11NOTE-TAKING FROM TEXT SQ4R STUDY READING METHOD S – SURVEY Q – QUESTIONR – READR – RECITER – RITER – REVIEW
12S = SURVEY To “X-Ray” the “bones” of the chapter: As you survey keep asking yourself - What do Ialready know about the topic?Look at the title. Read the introduction or firsttwo paragraphsLook over the headings: subheadings, boldfacewords, titles of graphs, charts, diagrams, etc.Read the Summary or last two paragraphsTake no more than 5 minutes to survey anaverage chapter
13Q = QUESTION To set a purpose and to get actively engaged in reading: Pose Questions, mentally or in writing, before you read the first section of the chapterIf available, use questions provided by the instructor, your text, or a study guideOr turn a chapter heading, subheadings, or boldface terms into questions, beginning with “why,” “how,” “what,” “where,” “when,” or “who?”
14R = READTo find the answers to your questions posed in the Questioning step:Read only a short section, one paragraph to one page, depending on the difficulty of the textRead quickly and selectively, improving your comprehension by seeking the answers to your questions
15R = RECITETo find out what information you have gained from reading the short section:Answer your question aloud, in your own words, for an immediate test of your comprehensionIf you can’t say it, you don’t know itReciting is your most powerful tool forremembering information – it requires thecomplete multisensory concentration needed tomove information from short-term memory intolong-term memory
16R = “RITE” To prepare your notes for later review, follow RECITE with any of the following steps:If the material is fairly easy, underline or highlight, using the ”telegrammatic” methodIf the material is detailed or complex, write brief notes in the margin, in your notebook, or on post-it-notesIn either case, record key names, dates, terms, definitions and ideasMark any confusing portions for future clarificationNOW MOVE TO THE NEXT SECTION OF TEXT. RETURNTO THE “QUESTION” STEP AND PROCEED THROUGHTHE “READ,” “RECITE,” AND “RITE” STEPS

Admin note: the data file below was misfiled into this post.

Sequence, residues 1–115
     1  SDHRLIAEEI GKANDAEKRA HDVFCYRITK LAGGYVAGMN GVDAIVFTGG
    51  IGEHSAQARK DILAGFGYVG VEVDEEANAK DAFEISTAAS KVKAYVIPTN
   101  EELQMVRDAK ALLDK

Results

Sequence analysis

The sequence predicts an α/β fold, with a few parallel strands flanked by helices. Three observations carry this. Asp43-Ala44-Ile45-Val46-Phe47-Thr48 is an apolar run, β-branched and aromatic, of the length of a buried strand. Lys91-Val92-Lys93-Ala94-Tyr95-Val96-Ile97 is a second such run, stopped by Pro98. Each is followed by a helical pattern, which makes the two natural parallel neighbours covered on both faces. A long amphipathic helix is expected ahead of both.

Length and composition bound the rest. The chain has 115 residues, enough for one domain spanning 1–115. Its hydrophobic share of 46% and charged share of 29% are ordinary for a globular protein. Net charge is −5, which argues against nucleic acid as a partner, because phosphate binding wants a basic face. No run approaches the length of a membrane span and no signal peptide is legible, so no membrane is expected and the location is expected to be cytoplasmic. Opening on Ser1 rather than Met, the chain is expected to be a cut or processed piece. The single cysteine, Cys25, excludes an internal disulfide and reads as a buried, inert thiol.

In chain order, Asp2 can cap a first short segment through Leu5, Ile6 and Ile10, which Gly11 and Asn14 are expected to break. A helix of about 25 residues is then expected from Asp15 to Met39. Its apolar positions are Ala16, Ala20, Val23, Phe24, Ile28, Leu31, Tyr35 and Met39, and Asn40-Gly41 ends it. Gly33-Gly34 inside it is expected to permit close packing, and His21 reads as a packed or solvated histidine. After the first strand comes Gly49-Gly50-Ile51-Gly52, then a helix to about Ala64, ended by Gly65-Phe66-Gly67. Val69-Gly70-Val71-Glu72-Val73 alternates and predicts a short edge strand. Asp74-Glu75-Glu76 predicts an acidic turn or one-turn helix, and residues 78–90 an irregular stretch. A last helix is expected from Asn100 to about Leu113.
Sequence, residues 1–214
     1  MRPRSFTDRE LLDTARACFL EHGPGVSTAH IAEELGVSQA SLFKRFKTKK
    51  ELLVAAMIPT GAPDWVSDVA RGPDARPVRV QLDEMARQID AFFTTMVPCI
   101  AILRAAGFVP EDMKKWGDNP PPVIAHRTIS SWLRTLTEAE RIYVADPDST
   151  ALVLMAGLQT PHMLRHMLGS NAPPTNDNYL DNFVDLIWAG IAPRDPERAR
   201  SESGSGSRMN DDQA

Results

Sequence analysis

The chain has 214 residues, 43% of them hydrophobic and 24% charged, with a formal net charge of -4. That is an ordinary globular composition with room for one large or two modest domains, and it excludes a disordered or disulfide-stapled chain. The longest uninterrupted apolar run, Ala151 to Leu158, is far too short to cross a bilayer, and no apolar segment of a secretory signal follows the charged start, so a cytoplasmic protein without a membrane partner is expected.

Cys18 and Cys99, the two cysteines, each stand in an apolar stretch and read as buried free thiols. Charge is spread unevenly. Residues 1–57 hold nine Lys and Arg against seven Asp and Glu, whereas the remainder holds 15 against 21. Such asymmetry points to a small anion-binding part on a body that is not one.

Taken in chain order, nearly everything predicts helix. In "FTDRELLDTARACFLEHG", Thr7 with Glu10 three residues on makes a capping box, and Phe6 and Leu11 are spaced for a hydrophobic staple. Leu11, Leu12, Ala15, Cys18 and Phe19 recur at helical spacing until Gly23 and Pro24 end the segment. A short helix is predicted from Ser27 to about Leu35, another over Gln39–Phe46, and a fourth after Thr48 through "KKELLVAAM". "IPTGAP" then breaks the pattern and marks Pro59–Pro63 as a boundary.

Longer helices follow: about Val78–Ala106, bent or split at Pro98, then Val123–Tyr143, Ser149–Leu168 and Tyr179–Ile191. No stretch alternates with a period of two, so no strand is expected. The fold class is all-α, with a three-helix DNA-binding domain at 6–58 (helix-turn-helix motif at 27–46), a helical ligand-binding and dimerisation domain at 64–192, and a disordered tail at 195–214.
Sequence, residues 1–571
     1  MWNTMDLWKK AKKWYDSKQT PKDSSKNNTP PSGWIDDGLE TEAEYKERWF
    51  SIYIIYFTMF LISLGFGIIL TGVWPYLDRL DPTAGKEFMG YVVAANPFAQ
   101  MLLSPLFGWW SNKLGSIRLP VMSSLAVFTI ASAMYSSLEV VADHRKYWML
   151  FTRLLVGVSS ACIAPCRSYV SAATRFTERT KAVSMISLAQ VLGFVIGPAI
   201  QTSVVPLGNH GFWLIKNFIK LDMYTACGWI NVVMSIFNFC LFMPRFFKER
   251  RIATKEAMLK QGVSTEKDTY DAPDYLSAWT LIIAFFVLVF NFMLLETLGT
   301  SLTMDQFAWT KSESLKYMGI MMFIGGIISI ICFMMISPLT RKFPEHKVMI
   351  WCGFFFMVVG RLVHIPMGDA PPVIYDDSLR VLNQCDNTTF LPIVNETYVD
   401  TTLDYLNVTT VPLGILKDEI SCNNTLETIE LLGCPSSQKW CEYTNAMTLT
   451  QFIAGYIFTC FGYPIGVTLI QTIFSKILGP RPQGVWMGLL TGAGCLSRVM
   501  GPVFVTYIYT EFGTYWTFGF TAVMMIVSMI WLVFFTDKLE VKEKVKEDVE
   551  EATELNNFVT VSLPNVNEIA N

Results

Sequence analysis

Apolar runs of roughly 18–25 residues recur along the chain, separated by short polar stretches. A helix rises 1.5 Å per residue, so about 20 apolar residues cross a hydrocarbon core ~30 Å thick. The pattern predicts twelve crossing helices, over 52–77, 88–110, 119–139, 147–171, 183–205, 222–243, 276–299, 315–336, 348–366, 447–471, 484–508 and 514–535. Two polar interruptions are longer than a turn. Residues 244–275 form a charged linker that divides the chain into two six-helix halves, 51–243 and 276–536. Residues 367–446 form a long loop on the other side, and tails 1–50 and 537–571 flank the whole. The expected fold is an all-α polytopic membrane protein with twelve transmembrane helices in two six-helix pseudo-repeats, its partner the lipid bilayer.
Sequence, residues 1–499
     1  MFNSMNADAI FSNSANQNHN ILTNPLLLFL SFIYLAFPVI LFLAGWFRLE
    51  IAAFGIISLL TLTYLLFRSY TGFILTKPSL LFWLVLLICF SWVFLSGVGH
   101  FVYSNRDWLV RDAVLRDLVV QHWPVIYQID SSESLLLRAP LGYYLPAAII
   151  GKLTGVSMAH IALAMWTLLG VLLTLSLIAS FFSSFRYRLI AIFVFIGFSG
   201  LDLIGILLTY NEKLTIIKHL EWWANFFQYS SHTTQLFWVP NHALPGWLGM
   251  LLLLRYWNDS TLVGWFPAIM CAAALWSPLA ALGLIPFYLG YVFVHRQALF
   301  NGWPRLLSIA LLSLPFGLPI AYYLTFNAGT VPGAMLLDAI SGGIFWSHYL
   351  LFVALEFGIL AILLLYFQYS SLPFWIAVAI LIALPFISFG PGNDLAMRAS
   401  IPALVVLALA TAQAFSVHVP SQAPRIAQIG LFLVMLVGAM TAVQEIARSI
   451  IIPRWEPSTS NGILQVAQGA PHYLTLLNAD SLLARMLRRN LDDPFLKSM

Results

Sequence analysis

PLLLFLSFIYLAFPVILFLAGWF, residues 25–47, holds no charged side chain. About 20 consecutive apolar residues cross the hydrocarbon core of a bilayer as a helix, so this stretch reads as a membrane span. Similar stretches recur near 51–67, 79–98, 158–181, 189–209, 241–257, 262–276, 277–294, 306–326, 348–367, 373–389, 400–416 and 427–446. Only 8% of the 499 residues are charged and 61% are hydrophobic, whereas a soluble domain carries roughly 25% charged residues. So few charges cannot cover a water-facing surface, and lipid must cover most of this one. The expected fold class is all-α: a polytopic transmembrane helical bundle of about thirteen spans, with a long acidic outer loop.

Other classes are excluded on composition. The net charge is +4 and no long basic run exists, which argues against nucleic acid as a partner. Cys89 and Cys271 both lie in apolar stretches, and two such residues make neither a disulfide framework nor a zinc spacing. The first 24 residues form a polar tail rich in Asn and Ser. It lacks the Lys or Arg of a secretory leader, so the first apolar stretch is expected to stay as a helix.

17“Telegramattic” Highlighting, Underlining or Note-Taking Use during the “RITE” step of the SQ4RStudy Reading methodObjective: Your underlined or highlighted information and notes should provide you with a sufficient, correct summary of the reading materialProvides focus during note-taking, improving comprehension, review, and recall
18R = REVIEW At the end of the chapter, do an immediate, brief review to double retentionTake about 5 minutes to review the full chapter, ”resurveying” it again by looking over all headings, subheadings, boldface terms, definitions, and major points – adding to your own notes, highlighting or underliningA week later, review again briefly to strengthen long-term memoryReview each week until you are tested, adding new chapters as they are assigned, to cut study time by up to 90%
19WHY USE SQ4R?In a study, of upper-level students from a major university who used the SQ4R method for a semester--Every student:-Had a higher GPA-Faster reading rate-Improved comprehension-*Spent 30% less time on studying than beforeContinually changes the pace, as you read one short section using the QUESTION to READ to RECITE to RITE steps-Prevents boredom-Enhances concentration-Produces greater learning than the usual reading of a fullchapter
20Research Shows: Study-Reading Methods Do Work Reading alone is a short-term memory operationProvides mental organization or structureSets a purpose for readingProduces sense of accomplishmentCreates sense of securityMultisensoryThe key is repetition!!!